Tuesday 18 January 2011 by Malcolm Everall

Obscure BBC nobody revealed as father of obscure BBC nobody


A BBC employee you have never heard of has revealed the identity of a second, even more obscure BBC employee you couldn’t care less about, and who turns out to be his dad.

The revelation comes in this months Radio Times, in an article sure to be of interest to people who closely follow the life stories of people they couldn’t pick out of a line up if their lives depended on it.

“Mum said it was up against the bins, round the back of the Indian High Commission,” said Julian Kelsale, assistant director of the BBC Yacht Network’s fortnightly ‘Sail Ho!’ programme.

“She had got pissed at Thursday afternoon post-production drinks in Bush House, and ended up talking to [deputy regional head of BBC Human Resources] Jeremy Leggett about the proposed changes in freelance invoicing.”

“Next thing she knew, he was zipping up his trousers, she was pregnant, and he didn’t want to know.”

BBC presenter’s unknown father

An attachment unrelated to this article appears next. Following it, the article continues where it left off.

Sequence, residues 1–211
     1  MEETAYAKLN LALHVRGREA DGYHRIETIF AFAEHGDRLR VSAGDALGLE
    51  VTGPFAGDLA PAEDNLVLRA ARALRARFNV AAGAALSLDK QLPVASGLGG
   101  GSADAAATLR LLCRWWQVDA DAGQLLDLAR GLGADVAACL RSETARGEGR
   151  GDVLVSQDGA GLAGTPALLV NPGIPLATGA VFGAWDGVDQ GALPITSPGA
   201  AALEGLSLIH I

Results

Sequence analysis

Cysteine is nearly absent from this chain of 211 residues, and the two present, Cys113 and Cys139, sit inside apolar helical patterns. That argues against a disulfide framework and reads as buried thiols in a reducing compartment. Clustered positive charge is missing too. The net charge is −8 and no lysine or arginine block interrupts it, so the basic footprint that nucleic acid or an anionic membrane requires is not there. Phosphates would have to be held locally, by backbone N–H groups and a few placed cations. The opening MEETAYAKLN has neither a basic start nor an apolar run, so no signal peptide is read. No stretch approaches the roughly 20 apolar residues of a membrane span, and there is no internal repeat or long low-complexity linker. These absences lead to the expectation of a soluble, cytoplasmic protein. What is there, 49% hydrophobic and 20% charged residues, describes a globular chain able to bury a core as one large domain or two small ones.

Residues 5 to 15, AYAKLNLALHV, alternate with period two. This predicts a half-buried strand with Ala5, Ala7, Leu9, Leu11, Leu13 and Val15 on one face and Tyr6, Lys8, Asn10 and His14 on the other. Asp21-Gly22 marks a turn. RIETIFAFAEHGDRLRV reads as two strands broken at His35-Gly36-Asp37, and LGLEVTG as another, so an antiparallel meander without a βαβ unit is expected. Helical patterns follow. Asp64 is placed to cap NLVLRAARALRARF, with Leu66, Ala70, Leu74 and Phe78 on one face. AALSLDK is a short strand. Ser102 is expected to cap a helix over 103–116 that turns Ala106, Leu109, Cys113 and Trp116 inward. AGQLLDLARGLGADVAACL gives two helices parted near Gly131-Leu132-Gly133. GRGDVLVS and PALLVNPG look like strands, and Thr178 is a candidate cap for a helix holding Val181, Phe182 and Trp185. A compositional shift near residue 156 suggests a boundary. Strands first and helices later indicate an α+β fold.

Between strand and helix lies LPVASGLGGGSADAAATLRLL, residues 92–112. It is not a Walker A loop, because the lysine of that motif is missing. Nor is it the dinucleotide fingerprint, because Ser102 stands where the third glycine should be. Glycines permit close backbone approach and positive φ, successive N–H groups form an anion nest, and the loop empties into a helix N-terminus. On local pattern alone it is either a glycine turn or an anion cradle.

Kelsale, who has never before revealed the secret of his mother’s mundane in-house tryst, shook with emotion as he revealed further details that were of no possible interest to anyone but himself.

“Mother always told me that my father was a senior manager at the Broadcast Policy Unit at Wood Lane,” he sobbed.

“In the school holidays, I used to catch the bus to Shepherd’s Bush and hang around TV Centre, looking through the upstairs windows and wondering whether my daddy was inside, conducting a comprehensive review of commissioning processes.”

But Kelsale now knows that his biological father, a grade 6 manager with responsibility for Human Resources matters in Kent and East Sussex, rarely visited TV Centre and even then only in a regional liaison capacity.

“Or to try it on with people’s mums,” added Kelsale bitterly.

Today the 46 year-old may have a glittering career with involvement in a number of digital platforms across the BBC’s Yacht, Canoe and Kayak remit, but he is proud to have achieved his success alone.

“Most people in the BBC only get a job because their dad works there,” he says.

“My dad wouldn’t even write me a reference. The shit.”

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